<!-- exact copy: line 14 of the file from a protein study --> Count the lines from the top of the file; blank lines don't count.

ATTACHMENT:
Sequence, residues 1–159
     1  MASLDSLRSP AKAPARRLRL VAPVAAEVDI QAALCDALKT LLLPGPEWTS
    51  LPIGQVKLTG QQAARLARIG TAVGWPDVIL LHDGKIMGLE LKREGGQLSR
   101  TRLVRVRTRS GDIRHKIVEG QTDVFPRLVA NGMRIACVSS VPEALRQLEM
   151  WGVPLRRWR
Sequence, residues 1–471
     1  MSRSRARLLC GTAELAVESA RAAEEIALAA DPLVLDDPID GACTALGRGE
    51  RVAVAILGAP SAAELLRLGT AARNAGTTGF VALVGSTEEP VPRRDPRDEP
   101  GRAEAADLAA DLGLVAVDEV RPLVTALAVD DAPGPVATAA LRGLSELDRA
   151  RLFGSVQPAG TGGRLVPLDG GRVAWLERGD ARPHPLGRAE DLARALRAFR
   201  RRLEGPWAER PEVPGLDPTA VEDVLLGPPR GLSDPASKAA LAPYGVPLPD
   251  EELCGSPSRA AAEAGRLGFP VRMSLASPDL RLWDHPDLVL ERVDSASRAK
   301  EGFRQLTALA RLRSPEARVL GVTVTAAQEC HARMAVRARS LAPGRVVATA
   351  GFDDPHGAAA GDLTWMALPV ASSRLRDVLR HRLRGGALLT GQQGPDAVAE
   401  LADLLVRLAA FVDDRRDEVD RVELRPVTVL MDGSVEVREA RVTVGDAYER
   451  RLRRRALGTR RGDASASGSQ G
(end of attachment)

   351  GFDDPHGAAA GDLTWMALPV ASSRLRDVLR HRLRGGALLT GQQGPDAVAE